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You gotta have souls!

With an annual pilgrimage to the outer reaches of… Castle Mount, the Sci-Fi Society is nothing if not adventurous.

- 3 minute read
Student in scarf

Good news for everyone except the Lizard Men of Antares IV. The Constitution of the Cambridge University Sci-Fi Society (CUSFS, pronounced, naturally, Cussfuss) holds that all live sentient beings – except the Lizard Men of Antares IV – are eligible to join.

It’s certainly true that members thoroughly enjoy silliness – highly appropriate, surely, for a university that boasts Douglas Adams (St John’s 1971) among its alumni. But they also hold a deep respect and love for science fiction and fantasy – its richness, its roots, its history, its ability to bring people of all walks of life together, and its often-political intent.

“It’s really important to us that we are not politically neutral, as many of the other literature societies choose to be,” says Chairbeing Sam Hutton (Selwyn, Second Year). “Science fiction has always had a political bent to it, and if we were to be neutral, it would stifle any discussion we could have about it.”

Student in scarf

Those discussions take place as part of the society’s “two and half” regular events, including the regular Monday night get-together in a St John’s supervision room to discuss a specific aspect of science fiction and fantasy. All sci-fi is up for discussion, from TV, film and books to board and video games, with debates ranging from the ridiculous to the timely. Saturday night is film night: in the Easter term, tradition dictates that these films should be dreadful. Every two weeks, everyone just goes to the pub.

Hutton is keen to highlight that, despite the official name, this is actually the science fiction and fantasy society. At some point in 1974, a radical element in CUSFS split off to form fantasy society Jómsborg the New. At some point after 1974, everyone involved realised that they were still basically the same society and got back together, except people still liked various aspects of Jómsborg the New, such as mead-drinking, and having a separate Jómscommittee headed by a Reeve. “So, our official name is CUSFS and Jómsborg the New. But that’s not very snappy,” says Hutton.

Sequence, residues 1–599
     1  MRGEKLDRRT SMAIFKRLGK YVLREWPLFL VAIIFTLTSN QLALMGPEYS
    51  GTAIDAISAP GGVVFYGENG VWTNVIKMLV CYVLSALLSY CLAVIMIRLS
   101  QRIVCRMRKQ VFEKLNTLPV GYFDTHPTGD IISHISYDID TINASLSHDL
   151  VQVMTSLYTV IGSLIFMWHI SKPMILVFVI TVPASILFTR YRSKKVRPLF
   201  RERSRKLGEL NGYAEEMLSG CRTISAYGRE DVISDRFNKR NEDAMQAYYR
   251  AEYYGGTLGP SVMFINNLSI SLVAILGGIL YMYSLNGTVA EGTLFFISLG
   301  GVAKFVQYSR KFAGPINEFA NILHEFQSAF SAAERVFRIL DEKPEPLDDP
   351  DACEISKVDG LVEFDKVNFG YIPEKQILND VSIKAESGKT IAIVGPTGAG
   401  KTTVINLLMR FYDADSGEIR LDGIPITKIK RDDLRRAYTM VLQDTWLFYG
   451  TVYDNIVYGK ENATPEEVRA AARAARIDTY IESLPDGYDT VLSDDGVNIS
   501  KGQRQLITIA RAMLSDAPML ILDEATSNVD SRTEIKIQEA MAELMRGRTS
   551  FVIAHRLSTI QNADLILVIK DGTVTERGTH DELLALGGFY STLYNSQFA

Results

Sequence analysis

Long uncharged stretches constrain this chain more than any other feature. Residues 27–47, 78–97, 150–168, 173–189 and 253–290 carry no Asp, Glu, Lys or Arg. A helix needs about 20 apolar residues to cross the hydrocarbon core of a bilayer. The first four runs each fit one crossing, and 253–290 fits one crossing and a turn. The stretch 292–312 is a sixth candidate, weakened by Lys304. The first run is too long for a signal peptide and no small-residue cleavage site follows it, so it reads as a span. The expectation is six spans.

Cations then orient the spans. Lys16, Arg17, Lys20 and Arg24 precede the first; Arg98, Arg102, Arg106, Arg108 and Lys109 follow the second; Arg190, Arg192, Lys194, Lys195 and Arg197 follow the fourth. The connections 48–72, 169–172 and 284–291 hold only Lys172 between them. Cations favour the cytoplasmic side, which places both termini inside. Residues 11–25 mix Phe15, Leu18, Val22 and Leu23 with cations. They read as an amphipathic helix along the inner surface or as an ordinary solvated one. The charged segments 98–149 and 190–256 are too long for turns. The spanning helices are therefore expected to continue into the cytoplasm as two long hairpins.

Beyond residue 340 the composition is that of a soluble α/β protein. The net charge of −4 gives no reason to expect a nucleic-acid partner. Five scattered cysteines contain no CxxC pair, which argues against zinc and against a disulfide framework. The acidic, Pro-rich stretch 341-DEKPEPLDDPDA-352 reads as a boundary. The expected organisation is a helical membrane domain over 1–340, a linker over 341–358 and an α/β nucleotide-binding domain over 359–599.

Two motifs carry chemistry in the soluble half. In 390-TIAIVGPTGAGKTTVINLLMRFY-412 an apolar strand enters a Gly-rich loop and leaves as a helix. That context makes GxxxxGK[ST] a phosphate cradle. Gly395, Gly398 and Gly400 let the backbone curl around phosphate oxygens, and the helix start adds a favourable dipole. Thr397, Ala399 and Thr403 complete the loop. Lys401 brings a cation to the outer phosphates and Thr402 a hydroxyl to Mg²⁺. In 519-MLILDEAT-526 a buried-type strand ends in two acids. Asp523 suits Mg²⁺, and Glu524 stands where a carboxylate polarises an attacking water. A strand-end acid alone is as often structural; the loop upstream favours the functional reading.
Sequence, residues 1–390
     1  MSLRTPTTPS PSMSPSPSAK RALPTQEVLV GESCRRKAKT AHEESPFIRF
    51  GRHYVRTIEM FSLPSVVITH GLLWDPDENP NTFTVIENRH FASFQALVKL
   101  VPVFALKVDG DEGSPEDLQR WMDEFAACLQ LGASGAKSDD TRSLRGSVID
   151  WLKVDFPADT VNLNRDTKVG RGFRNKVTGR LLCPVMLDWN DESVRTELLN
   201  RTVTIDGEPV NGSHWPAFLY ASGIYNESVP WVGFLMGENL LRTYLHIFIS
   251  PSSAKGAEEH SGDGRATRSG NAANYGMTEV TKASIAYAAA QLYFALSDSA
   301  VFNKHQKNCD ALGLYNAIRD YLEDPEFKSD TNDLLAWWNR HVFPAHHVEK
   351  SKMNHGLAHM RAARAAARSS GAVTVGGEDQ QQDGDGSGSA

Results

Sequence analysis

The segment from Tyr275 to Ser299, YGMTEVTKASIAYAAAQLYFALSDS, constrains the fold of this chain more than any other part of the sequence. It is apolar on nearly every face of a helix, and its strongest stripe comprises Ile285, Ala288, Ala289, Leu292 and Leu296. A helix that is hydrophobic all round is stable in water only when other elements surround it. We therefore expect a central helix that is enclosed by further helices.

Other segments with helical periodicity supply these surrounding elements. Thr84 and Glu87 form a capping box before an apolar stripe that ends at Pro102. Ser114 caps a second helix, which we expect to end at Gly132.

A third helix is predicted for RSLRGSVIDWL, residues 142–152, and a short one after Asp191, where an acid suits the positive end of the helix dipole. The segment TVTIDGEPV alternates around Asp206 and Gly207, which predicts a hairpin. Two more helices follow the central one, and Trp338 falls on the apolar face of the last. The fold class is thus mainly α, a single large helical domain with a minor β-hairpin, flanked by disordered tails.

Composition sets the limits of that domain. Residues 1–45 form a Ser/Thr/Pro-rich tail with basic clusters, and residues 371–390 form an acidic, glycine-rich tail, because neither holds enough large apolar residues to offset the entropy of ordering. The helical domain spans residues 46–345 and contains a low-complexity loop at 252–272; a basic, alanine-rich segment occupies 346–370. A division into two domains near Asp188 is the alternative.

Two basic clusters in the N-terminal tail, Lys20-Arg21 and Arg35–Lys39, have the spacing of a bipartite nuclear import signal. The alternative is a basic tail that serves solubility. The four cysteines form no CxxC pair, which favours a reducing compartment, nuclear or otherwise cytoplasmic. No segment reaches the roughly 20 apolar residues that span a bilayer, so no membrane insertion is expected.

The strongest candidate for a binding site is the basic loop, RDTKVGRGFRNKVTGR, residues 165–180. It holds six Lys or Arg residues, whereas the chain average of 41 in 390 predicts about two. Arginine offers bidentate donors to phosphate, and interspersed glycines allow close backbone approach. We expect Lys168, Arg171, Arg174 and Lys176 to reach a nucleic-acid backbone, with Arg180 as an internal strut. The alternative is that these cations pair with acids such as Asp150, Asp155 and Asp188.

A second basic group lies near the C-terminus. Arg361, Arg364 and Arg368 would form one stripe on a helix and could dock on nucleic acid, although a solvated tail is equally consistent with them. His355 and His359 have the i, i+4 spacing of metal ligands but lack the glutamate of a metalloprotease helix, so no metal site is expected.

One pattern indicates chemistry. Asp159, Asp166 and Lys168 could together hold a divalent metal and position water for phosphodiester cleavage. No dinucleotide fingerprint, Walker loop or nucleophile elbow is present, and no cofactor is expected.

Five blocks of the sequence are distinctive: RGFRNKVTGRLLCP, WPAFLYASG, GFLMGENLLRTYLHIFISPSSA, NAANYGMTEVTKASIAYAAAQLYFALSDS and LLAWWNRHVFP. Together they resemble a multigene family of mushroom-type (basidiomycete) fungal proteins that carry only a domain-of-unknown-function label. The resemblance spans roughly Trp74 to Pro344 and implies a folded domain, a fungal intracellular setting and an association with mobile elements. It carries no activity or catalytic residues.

Student in scarf

January sees the annual pilgrimage up to Castle Mount for the Afmaelisdagr ceremony, the origins of which are probably still on the website somewhere, but nobody is quite sure where. “We banish the sun and go to someone’s rooms nearby to play board games all night,” explains Hutton. “Then we go back up at sunrise and the Reeve gets to choose the shape of the sun for the coming year.” (Last year’s shape was a teapot. Again. This year, it is the face of a baby named Beatrice.) And the Veizla is the annual dinner of Jómsborg the New. It marks the inauguration of a new Reeve, who must be carried halfway to the nearest body of water, wrapped in Souls, the Society’s trademark bright orange scarves.

“I sometimes think that special-interest societies get relegated to a sort of second-tier, after sports and the very CV-friendly societies,” says Hutton. “But CUSFS could only ever exist in Cambridge. It’s completely bizarre and brilliant. At one point we were the largest society in Cambridge, and we are really starting to grow again. It’s open and it’s fun, and it’s so fantastic to see more and more people discovering us.” Apart from – of course – the Lizard Men of Antares IV.

From top: Lauren Mason, Selwyn, Second Year Natural Sciences; Sam Hutton, Selwyn, Second Year Natural Sciences; Sol Dubock, Caius, Second Year Computer Science.

Find out more about CUSFS.

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